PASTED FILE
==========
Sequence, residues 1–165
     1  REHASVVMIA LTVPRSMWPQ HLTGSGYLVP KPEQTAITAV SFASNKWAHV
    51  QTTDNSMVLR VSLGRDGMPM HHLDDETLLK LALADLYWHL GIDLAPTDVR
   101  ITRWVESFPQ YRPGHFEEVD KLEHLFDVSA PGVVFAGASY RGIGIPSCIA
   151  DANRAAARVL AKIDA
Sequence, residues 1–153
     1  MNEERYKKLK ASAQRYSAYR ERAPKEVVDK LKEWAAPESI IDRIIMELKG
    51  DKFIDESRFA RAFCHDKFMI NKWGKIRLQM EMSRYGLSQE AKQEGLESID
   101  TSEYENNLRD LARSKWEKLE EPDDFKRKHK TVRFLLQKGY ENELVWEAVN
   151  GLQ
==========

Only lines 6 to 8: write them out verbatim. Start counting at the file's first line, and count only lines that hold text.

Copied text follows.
Sequence, residues 1–153
     1  MNEERYKKLK ASAQRYSAYR ERAPKEVVDK LKEWAAPESI IDRIIMELKG
    51  DKFIDESRFA RAFCHDKFMI NKWGKIRLQM EMSRYGLSQE AKQEGLESID